Ethic or aesthetic? The designers choice

Ethic or aesthetic? The designers choice


(Italian Translation) Just a few months ago the admissions to the new design courses opened all over the world.Future designers are going to decide where to study, in which field to get specialized, and what kind of courses to take. Is this all? No, finally there is another, maybe inescapable choice to be taken by the students. The roots of this choice can be found in the past. In XIX century Denmark, the precursor of existentialism, Kierkegaard, brought attention to the fundamental choice between the two stages of existence: the ethic and the aesthetic one. Inside his imaginative opera : “Either/or” he claims:

“The aesthetical, we said, is that in a person by which he spontaneously and immediately is what he is; the ethical is that by which he becomes what he becomes.”

EitherOr

Summarizing, the ethical man chooses to live for the realization of his own self whereas the aesthetic man’s life is consumed in the pursuit of infinity. According to Kierkegaard, mankind has a compulsory either/or status and is forced to chose: to become a ethic or a aesthetic man- “this is the dilemma.”

Isn’t this life choice easily equatable with the conditions of the future designers? After all, we can apply the ethic and aesthetic categories to the design field so that we can easily pass through the two stage of existence to two possible design methods.Often designers have to choose how to perceive design – as a functionality research or as a way to seek and take pleasure in perceptions and beauty.

Let’s try to understand more in detail how some of a philosopher’s abstractions might be helpful for the future generation of designers:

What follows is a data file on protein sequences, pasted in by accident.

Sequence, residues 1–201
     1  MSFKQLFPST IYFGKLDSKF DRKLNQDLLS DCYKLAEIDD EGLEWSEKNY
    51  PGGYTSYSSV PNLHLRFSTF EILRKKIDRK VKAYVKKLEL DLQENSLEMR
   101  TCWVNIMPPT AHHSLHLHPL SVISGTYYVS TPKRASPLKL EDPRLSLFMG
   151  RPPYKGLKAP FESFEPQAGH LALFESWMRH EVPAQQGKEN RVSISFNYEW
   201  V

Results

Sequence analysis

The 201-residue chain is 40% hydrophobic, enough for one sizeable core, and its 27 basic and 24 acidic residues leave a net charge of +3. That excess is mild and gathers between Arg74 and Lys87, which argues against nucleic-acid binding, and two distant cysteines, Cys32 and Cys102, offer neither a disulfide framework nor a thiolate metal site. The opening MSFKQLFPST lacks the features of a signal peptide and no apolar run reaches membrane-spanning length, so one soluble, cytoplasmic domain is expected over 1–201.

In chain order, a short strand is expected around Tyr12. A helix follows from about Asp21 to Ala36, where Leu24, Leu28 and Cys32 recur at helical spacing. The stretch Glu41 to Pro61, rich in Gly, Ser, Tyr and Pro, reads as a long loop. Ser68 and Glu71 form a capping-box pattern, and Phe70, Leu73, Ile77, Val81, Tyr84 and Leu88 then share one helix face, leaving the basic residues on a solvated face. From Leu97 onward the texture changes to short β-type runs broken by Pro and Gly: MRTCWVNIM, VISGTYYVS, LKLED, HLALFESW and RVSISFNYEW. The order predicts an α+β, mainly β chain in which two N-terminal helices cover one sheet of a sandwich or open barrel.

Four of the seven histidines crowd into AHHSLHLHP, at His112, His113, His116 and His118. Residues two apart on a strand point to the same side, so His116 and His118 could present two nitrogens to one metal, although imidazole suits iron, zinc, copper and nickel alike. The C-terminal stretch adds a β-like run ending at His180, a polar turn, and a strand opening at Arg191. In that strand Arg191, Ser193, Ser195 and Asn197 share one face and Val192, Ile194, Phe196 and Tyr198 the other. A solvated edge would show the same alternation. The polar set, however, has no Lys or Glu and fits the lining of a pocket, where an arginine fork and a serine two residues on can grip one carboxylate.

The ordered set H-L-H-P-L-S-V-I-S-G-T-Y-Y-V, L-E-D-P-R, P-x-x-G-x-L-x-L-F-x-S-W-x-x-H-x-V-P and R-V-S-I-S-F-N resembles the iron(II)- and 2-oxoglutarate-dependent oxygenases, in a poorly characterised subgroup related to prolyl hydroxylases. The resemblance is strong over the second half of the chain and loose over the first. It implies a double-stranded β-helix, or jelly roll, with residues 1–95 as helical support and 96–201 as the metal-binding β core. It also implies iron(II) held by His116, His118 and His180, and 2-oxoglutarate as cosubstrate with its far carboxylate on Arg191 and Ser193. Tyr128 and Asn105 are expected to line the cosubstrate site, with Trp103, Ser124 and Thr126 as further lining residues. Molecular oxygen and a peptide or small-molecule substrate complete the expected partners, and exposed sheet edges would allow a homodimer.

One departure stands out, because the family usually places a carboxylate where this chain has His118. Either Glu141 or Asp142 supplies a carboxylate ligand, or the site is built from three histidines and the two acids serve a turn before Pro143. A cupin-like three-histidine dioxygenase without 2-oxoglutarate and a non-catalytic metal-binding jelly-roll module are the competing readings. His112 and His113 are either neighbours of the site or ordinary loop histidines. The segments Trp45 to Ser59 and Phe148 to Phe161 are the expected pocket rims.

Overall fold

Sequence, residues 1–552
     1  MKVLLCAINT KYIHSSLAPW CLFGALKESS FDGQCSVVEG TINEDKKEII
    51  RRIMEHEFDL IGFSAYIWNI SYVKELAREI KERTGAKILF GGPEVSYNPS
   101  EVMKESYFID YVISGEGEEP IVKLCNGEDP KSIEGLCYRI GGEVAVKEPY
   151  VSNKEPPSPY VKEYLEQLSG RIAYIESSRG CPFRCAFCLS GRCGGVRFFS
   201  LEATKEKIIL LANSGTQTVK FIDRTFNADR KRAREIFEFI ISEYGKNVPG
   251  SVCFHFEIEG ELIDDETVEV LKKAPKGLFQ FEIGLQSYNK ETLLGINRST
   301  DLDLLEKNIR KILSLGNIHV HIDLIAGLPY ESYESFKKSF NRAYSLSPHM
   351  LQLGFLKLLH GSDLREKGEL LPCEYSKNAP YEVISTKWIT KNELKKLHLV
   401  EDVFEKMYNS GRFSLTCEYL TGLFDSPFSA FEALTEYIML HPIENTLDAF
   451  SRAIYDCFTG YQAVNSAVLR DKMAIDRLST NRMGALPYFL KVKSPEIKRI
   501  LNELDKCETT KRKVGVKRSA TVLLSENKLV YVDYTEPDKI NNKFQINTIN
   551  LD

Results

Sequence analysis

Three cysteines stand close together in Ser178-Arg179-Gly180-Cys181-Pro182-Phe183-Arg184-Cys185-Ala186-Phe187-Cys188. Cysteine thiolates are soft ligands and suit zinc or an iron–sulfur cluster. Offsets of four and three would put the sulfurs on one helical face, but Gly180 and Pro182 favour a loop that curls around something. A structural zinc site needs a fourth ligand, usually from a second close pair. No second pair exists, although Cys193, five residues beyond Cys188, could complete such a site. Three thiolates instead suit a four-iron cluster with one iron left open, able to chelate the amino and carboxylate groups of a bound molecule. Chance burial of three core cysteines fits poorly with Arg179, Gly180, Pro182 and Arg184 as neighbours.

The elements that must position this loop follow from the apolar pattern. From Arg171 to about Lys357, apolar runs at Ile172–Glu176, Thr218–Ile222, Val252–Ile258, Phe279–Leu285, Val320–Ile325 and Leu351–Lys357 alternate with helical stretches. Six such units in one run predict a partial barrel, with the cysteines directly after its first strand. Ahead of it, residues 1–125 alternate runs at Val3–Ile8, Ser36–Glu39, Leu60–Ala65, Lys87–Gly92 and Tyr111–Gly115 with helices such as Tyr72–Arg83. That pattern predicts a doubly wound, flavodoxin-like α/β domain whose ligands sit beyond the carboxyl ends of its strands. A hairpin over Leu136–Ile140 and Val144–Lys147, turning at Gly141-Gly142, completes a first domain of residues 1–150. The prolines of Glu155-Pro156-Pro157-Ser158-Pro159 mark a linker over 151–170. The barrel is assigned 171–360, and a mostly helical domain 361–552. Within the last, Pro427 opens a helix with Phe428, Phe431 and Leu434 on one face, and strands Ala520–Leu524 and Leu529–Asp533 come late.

• From the aesthetic man to the “aesthetic designer”

The aesthetic designer is an experimenter. Through specific materials, (patterns and unique contrasts he uses in his creations) he wants to amaze, to astonish. In his designs shape, pleasure and beauty prevail on the rest even at the cost of creating objects incapable to fulfill their function but they answer to extraordinary standards of beauty. His creations are based on talent, passions, perceptions and on moments. He does not honor coherence, he focuses his design attention instead on research, trends and maybe technologies.

• From the ethic man to the “ethic designer”

The ethic designer is a coherent designer whose methodological staring point for each project is function. He does not leave any detail to chance. He focuses on the design coherence linked to the final goal but without neglecting shapes. His rationality and his pragmatism prevail on experimentation (useless and unnecessary shapes) and he prefer perseverance to instants while creating his rational objects. An example can be a social oriented designer whose interest is to share his values through his object/projects and to produce practical changes.

• Aesthetic excludes ethic but not its contrary

It seams that these approaches are two opposite poles but we must point out that the ethic one does not exclude the aesthetic one but the aesthetic does exclude the ethic one.

desk_and_chair_1898

Van De Velde_Desk and Chair

As  evidence of this we can mention Van De Velde, one of the Bauhaus founders, who used to be one of the first designers arguing in favor of functionalism, even though he did not neglect experimentations of shapes. His objects should declare their function and persuade users to carry it out.

On the other hand, excluding rationality and functionality, the manifesto of Alessandro’s Guerriero studio Alchimia, claimed these words:

“For the Alchimia group the act itself of “drawing” is what counts today[…]As a group which produces drawings Alchimia interprets its task to be that of furnishing others with a proof of “sentimental thought”. The motivation of the work lies not in its practical efficiency, the “beauty” of the object is in the love and magic with which it is suggested in its soul.”

Alessandro Mendini- Proust armchair

Alessandro Mendini- Proust armchair

Two distant historical ages – the early years of XX century and the art nouveau on one side and the 70s and the post modern on the other but a suitable example of these two approaches.

• Where do you stand?

In which direction will the future designer go? Can design exclude the inescapable choice or does it absorb it? Is it possible to escape this choice? Kierkegaard says it is not: ” My friend, what I have said to you so often I say once more, or rather I shout t to you: either/or; aut/aut!”.

TAKE HEART AND CHOOSE!

 

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